***(CRi) Complete Response with incomplete hematologic recovery (per ELN criteria; (CRh) Complete response with hematologic recovery per ELN criteria; PR: partial response RECIST v1.1

 

Analysis of peripheral blood samples post PRGN-3006 infusion showed gene expression changes consistent with  improvement in the immune compartment function for anti-tumor effect in responders.

There was an increase in cytotoxicity, costimulatory signaling, and lymphoid compartment and decreased apoptosis pathway scores in the lymphodepletion cohortA on Days 14 and 28 post PRGN-3006 treatment compared to baseline. Furthermore, preliminary analysis shows a potential correlation between a biomarker and objective responses at different dose levels in AML patients, which will be further investigated in the ongoing Phase 1b expansion trial.

PRGN-3006 is currently being evaluated following lymphodepletion in the multicenter Phase 1b dose expansion phase of the study. In the dose expansion phase, patients can receive repeat dosing of PRGN-3006. There is no requirement for additional lymphodepletion in repeat dose patients due to the demonstrated ability of PRGN-3006 to expand in the absence of lymphodepletion.

“We are pleased with the performance of PRGN-3006 UltraCAR-T in demonstrating meaningful clinical responses for heavily pre-treated r/r AML patients who have limited therapeutic options. These data further validate our innovative approach of overnight, decentralized manufacturing of autologous CAR-T cells and demonstrate the capability of the UltraCAR-T platform to directly expand in vivo and persist in the body leading to complete and partial responses in cancer patients with highly advanced disease,” noted Helen Sabzevari, PhD, President and CEO of Precigen.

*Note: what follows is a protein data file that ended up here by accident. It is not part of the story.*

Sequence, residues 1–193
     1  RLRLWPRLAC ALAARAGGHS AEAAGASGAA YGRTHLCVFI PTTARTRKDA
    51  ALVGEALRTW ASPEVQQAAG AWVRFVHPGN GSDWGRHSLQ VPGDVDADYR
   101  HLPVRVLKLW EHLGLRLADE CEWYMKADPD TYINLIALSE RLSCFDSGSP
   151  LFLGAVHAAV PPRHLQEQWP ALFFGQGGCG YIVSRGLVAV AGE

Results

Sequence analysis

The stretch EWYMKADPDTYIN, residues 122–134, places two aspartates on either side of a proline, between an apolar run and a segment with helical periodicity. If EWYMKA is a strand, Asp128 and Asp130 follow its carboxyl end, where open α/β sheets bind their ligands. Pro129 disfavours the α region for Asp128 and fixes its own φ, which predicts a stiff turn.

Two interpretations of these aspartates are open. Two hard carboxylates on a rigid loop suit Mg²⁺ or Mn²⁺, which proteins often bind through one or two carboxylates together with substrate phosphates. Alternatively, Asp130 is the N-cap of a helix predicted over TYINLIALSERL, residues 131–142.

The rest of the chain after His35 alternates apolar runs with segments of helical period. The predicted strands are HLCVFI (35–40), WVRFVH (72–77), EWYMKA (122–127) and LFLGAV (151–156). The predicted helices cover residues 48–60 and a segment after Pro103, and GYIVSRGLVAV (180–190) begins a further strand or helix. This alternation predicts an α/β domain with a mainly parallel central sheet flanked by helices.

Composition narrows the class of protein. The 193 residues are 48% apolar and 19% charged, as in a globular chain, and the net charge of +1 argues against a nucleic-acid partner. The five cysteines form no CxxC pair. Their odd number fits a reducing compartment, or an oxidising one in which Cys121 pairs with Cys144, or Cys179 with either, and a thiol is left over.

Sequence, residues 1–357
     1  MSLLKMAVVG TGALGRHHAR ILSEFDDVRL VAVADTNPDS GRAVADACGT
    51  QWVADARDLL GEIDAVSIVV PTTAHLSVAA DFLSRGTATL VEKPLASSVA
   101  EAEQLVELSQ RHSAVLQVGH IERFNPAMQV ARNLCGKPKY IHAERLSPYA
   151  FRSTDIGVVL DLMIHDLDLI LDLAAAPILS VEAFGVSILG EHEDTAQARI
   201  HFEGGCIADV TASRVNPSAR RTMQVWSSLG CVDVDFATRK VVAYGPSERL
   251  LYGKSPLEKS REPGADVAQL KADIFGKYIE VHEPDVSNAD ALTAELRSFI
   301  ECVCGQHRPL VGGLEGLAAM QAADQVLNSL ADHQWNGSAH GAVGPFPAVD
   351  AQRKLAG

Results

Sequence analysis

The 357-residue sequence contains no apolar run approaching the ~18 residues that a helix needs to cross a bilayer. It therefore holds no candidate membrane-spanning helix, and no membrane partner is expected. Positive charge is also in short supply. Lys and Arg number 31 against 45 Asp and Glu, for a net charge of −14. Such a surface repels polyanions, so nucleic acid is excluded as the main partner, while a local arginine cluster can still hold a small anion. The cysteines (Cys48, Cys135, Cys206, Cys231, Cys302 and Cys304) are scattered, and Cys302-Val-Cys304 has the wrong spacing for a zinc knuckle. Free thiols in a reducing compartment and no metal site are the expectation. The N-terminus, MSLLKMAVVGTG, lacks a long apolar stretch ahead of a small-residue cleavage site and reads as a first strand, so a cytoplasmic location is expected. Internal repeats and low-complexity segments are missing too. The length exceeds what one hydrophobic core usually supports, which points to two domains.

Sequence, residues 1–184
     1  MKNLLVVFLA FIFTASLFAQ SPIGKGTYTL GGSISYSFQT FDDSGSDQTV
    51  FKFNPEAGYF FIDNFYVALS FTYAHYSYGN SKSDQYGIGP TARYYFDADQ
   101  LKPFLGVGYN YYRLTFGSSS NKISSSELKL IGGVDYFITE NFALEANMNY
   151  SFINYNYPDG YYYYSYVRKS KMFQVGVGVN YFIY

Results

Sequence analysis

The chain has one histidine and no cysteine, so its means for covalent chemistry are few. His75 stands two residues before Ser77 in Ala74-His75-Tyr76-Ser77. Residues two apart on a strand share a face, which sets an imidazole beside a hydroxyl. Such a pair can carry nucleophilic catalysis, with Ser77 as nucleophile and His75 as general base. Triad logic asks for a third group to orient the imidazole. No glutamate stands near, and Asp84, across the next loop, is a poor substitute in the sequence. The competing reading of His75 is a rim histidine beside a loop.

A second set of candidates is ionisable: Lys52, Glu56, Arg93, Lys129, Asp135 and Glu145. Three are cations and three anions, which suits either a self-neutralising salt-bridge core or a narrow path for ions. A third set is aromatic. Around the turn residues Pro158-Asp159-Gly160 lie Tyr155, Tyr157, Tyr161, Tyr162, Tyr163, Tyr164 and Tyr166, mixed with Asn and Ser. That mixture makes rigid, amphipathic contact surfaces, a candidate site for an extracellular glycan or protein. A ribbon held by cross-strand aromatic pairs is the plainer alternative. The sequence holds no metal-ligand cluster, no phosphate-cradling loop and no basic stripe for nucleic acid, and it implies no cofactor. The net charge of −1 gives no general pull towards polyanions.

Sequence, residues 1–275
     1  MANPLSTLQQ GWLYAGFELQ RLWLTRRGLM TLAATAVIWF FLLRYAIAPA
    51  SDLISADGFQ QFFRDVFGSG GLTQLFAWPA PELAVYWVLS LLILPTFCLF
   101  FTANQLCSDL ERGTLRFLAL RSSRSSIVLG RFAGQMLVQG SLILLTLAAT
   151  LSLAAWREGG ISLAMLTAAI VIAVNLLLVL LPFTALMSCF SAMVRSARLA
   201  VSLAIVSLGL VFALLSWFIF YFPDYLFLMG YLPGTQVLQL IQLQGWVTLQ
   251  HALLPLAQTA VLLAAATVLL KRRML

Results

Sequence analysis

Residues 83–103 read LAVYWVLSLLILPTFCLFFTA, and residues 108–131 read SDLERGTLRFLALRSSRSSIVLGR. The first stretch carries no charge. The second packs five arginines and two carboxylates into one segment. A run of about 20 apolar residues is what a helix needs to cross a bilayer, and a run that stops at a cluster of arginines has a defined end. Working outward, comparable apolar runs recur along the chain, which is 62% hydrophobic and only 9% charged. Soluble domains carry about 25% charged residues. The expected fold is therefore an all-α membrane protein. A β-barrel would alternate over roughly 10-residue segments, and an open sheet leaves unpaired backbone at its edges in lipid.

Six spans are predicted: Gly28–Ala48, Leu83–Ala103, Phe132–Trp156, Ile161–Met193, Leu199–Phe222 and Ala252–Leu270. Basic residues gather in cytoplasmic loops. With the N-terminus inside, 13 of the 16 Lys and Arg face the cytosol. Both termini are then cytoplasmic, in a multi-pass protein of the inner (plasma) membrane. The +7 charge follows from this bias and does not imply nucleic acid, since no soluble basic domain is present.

“We believe the UltraCAR-T platform is distinctly differentiated from other cell therapy technologies with the potential to bring cutting-edge treatments to all cancer patients rapidly and economically,” Sabzevari concluded.

Clinical trials
PRGN-3006 Adoptive Cellular Therapy for Relapsed or Refractory AML or Higher Risk MDS – NCT03927261

References
[1] Sallman DA, Elmariah H, Sweet K, Mishra A, Cox CA, Chakaith M, Semnani R, Shehzad S, et al. Phase 1/1b Safety Study of Prgn-3006 Ultracar-T in Patients with Relapsed or Refractory CD33-Positive Acute Myeloid Leukemia and Higher Risk Myelodysplastic Syndromes. Abstract #4633 Presented during the 64th American Society of Hematology (ASH) Annual Meeting in New Orleans, Louisiana, held December 10 – 13, 2022.
[2] American Cancer Society. What is Acute Myeloid Leukemia (AML)?
[3] American Cancer Society. Key Statistics for Acute Myeloid Leukemia (AML)
[4] Thein, M., et al., Outcome of older patients with acute myeloid leukemia: an analysis of SEER data over 3 decades. Cancer, 2013. 119(15): p.2720-7
[5] American Cancer Society. Key Statistics for Myelodysplastic Syndromes

Featured Image: American Society of Hematology 64th Annual Meeting at the Ernest N. Morial Convention Center, New Orleans, LA, held December 10 – 13, 2022. Photo courtesy:  © 2022 ASH/Matt Herp. Used with permission.